7 Poly Terms Everyone Should Know, Whether You're New To Polyamory Or Monogamous

During a recent trip to Seattle, my nesting partner and I were out at a bar on Capitol Hill and sang some (ridiculously awful) karaoke. Afterwards, a Hot Bi Babe came up to us and started flirting. While a guest star in the bedroom wasn't an option that evening, I was amused (and flattered!) at being reverse unicorn-hunted at a bar which was so perfectly named "the Unicorn." Giddy, I shared the experience with a few friends and was immediately asked: what’s a unicorn?

If you're a poly newb or more monogamously-oriented, there were probably a few phrases in that paragraph that you were unfamiliar with, too. It’s easy to get wrapped in our own little communities and forget that we have our own jargon. A lot of words commonly used in the poly community — f*ck buddy, FWB, co-habitate, life partner, LDR, etc — are more general and widely used, but we have a lot of really specific words, such as “compersion” and “nesting partner,” to describe all of the various ways poly relationships can look as well as the experiences poly folk have.

While the practice of polyamory isn't new, the identity and jargon surrounding those communities, and in many cases, the communities themselves, are much more recent, and because of that, these terms are constantly evolving and may mean different things within different poly communities. The definitions I used are the most common ones in both my local community and the online world of poly folk as well, but some there is still some disagreement around some of these words.

Whether you're new to the poly community, curious about ethical non-monogamy, or mono and just need some translations for when you're around your poly friends, here are seven terms you should know.

1. Ethical Non-Monogamy

The practice of engaging in multiple sexual and/or romantic relationships simultaneously with the consent and knowledge of all parties, as opposed to unethical non-monogamy, aka cheating. This is generally regarded as an umbrella term that includes polyamory, open relationships, swinging, solo poly, relationship anarchy, and poly-fi relationships, similar to how queer is the umbrella term that covers gay, lesbian, bisexual, pansexual, etc. Sometimes also called "consensual" or "responsible" non-monogamy.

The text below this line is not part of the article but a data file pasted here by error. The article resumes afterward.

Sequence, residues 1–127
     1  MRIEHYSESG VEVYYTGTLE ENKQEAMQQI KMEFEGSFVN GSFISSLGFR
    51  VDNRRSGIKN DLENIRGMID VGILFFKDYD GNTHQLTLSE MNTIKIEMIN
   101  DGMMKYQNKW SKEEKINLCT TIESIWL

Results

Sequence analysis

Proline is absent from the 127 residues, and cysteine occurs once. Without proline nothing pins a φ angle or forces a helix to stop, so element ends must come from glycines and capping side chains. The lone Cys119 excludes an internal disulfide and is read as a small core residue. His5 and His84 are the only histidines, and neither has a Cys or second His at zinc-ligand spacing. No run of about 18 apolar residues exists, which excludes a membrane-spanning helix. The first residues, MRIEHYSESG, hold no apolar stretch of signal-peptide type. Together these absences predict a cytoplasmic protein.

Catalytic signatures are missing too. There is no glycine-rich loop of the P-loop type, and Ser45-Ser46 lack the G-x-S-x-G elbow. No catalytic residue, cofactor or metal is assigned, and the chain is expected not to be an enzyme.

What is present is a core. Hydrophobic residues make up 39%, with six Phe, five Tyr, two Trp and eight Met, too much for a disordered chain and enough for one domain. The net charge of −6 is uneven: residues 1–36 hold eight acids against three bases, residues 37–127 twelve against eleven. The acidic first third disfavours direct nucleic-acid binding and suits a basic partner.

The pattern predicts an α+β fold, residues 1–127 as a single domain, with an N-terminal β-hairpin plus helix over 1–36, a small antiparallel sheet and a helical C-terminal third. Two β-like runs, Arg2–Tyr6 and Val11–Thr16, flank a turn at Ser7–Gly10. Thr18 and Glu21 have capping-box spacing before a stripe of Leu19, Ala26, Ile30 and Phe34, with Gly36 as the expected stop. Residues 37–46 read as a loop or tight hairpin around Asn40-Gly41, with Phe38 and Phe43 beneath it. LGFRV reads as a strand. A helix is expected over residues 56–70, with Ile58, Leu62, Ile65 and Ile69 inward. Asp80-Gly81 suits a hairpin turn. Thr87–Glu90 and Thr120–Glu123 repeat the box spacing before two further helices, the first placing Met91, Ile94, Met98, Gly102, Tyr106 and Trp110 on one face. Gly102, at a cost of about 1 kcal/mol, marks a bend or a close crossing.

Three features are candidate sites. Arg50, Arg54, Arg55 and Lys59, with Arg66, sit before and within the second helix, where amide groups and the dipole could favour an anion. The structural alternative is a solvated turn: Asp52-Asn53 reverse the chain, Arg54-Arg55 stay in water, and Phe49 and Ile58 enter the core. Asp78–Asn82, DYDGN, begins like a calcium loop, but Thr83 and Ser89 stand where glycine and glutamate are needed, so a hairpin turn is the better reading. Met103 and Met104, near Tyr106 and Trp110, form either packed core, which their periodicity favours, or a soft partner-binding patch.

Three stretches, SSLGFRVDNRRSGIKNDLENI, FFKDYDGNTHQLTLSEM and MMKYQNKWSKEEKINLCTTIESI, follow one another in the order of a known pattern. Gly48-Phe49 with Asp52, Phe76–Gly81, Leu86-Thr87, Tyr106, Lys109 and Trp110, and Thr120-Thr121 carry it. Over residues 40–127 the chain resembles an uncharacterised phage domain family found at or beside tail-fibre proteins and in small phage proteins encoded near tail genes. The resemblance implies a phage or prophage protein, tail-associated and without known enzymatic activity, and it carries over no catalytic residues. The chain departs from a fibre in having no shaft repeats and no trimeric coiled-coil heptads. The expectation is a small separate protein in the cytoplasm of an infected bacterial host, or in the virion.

2. Polyamory (Poly)

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The practice of engaging in multiple romantic relationships simultaneously with the consent and knowledge of all parties. Poly means many, and amory means love, so this type of ethical non-monogamy usually focuses on having multiple loving relationships, which may or may not include sexual activity.

This is not to be confused with polygamy, like on Big Love, which is the practice of having multiple spouses and tends to be more gender normative/heteronormative and closely tied to religion. There are different ways to structure poly relationships, such as hierarchical versus non-hierarchical, open versus closed, and solo poly versus a more "relationship escalator" oriented approach.

3. Fluid-bonding